Some interesting developments have been emerging in the SSL space, so we wanted to spend a moment to introduce these. They pose some new options for business sites, but also some new potential requirements. This is particularly relevant to you if you’re a business-focused website owner as they can affect your Google ranking as well as the way customers perceive your site.
By the way, if you’re wondering about the fancy words, SSL* is that little green encryption padlock that appears on the left of your URL bar when you visit a site. You’d also notice that the URL starts with “https:” instead of “http:” . It means that the traffic between you and the web server for that site is encrypted and can’t be looked at in transit between you and the webhost. While this has been used in the past for eCommerce to help keep customer and credit card details safe, these days it can also be used to prevent most metadata from a site you visit being logged.
SSL works via a mechanism called “private key cryptography”. The idea is that you can communicate with a website using a “public” key, which everyone can see, but it can only be decrypted (viewed) by the server using what’s called a “private key”. SSL is available for such diverse things as FTP (though it’s usually then known as “TLS”), email sending, and many other things as well as plain old webpage viewing.
Google and SSL
Google is now ranking websites that have working SSL a little higher than sites without SSL. While Google say this only affects 1% of websites, they do plan to expand the use of SSL ability to have a more significant weight in future. If you think about it, this makes sense; if you’ve got SSL working on your site it usually means the content is higher quality than someone who hasn’t bothered to add it.
More details for technical folks here: http://googlewebmastercentral.blogspot.com.au/2014/08/https-as-ranking-signal.html
Dawn of an era of universally free SSL certificates — www.letsencrypt.org
Up till now, it’s been necessary to purchase your own SSL certificate from a certificate authority. Mozilla, Cisco, WordPress and a bunch of others are collaborating to make it easy, simple and free to have SSL encryption on websites, hopefully for free, with the Let’s Encrypt project.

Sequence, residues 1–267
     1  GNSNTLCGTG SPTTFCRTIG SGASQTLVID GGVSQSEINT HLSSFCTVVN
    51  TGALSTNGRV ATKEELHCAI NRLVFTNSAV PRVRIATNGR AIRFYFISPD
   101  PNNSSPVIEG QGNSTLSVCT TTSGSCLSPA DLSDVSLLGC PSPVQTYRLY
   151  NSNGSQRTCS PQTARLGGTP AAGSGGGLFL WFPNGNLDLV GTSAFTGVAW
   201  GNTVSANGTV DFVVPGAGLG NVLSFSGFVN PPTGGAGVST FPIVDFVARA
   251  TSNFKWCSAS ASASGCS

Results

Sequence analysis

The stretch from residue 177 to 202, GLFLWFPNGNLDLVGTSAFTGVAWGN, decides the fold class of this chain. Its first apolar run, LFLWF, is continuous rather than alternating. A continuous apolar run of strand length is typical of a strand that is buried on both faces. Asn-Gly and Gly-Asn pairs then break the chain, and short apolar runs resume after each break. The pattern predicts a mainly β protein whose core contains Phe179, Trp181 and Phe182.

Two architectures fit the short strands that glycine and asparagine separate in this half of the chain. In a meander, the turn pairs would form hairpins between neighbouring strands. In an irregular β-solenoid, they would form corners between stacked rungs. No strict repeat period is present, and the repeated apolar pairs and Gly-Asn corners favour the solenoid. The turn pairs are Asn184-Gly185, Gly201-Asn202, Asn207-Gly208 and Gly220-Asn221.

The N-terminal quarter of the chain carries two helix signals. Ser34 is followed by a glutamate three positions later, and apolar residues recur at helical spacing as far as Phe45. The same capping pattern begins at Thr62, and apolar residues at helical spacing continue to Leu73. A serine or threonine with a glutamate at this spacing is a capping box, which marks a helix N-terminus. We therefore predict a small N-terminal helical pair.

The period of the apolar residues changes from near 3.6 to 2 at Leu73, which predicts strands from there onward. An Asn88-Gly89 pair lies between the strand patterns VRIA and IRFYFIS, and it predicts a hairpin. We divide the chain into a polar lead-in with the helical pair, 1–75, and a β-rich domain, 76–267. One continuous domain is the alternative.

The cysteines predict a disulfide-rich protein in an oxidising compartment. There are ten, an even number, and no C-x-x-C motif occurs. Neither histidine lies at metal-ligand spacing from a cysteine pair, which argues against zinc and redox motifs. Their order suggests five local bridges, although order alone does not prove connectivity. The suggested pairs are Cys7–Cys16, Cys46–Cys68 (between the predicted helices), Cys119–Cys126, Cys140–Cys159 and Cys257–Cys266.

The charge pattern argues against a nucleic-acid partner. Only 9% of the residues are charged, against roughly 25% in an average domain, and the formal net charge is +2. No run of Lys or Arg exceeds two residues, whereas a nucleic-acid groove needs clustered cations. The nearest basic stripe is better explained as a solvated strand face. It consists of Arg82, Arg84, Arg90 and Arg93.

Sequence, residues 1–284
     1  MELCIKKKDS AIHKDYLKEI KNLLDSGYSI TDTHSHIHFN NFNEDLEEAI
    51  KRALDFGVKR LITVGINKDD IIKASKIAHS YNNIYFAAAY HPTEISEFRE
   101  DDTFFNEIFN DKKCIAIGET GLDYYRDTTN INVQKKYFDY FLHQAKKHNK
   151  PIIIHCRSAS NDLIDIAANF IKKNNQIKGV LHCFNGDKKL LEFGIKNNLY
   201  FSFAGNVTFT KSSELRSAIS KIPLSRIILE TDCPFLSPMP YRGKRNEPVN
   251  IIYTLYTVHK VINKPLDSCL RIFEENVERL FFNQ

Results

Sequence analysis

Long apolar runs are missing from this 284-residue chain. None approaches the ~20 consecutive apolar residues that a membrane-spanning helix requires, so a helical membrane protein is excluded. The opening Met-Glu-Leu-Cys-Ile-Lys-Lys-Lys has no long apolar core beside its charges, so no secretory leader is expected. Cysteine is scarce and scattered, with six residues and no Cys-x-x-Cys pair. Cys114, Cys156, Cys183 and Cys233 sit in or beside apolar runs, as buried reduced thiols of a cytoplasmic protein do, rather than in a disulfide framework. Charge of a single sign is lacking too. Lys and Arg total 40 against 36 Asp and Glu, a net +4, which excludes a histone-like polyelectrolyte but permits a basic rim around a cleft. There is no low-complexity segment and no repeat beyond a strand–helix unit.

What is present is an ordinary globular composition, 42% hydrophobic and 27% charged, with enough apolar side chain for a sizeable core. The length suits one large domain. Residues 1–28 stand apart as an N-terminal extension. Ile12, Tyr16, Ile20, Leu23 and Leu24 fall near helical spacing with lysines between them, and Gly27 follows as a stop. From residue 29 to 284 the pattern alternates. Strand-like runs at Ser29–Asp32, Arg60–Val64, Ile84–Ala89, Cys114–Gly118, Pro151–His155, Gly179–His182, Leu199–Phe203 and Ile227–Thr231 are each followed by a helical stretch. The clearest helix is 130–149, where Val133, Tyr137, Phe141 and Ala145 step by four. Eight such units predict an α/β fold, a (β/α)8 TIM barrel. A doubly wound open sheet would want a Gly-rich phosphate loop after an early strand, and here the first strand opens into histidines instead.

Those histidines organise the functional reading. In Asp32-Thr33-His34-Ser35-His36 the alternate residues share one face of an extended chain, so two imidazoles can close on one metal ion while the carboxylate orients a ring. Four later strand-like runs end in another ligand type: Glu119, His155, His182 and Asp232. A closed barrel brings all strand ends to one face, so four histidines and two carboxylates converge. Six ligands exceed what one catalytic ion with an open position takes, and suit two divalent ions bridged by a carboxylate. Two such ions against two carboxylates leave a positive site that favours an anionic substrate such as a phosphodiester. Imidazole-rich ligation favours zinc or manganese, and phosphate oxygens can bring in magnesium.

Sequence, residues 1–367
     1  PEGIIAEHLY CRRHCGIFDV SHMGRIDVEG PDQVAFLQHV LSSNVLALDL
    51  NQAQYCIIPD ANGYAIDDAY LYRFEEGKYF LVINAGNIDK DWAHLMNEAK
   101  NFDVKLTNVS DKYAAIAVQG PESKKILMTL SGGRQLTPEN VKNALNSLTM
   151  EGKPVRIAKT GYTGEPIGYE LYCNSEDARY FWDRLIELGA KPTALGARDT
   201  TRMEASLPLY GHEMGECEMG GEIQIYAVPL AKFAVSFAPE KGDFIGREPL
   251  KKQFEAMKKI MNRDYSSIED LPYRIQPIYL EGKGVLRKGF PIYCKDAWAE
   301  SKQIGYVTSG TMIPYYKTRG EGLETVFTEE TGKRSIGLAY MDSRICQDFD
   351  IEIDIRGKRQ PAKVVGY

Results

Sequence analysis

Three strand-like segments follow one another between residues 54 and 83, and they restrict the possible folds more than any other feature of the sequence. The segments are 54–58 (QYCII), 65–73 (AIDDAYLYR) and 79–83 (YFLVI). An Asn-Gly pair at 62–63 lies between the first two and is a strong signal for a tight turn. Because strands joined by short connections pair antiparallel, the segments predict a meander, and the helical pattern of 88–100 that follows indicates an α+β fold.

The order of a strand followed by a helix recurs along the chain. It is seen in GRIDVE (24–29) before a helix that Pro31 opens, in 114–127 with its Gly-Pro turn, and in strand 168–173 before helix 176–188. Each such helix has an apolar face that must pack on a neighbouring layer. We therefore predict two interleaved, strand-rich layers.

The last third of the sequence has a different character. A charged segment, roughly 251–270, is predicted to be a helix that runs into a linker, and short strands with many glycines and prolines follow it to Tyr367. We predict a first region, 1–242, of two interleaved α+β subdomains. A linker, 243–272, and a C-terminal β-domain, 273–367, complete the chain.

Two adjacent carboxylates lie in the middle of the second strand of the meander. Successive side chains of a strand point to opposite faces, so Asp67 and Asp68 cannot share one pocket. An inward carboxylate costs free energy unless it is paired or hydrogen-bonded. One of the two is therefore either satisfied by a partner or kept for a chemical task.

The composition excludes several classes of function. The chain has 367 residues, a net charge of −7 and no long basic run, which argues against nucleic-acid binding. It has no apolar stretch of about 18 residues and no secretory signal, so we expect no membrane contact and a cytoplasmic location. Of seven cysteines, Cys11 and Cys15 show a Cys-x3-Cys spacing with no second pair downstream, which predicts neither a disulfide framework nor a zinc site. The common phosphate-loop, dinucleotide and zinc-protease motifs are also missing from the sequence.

While the Lets Encrypt project is scheduled to make it’s first major release mid-2015, it remains to be seen how well it will work and whether it will be available from inside cPanel.
When Lets Encrypt makes free certificates available, it should cost relatively little or nothing to add SSL to a site. At the moment, you need to purchase a certificate, get it installed and checked, and often also to lease a dedicated IP address for the year. The general plan is to do away with all of these three although I think a sensible expectation is that it may take a year or two.
EV SSL or “Extended Validation” SSL certificates
Ever seen that green bar at the top of your browser when you visit a bank website? That’s called “Extended Validation” (or EV) SSL and a higher degree of verification is done on your company before providing them. This is meant to ensure that you can be trusted, and are who you say you are.
It’s very likely that the new default for business websites will now start to move towards EV SSL certificates. While they’re still relatively expensive (AU$300ish+), their price is already dropping and my prediction is that you’ll see further reductions as time goes on, driven by the fact that sales of the lesser certificates will drop once free certificates are readily available. Only time will tell, of course.
* SSL = Secure Sockets Layer; the more recent version(s) are called TLS (Transport Layer Security).
** This is intended for beginners so we’ve intentionally cut corners in explaining some things to keep them easy to understand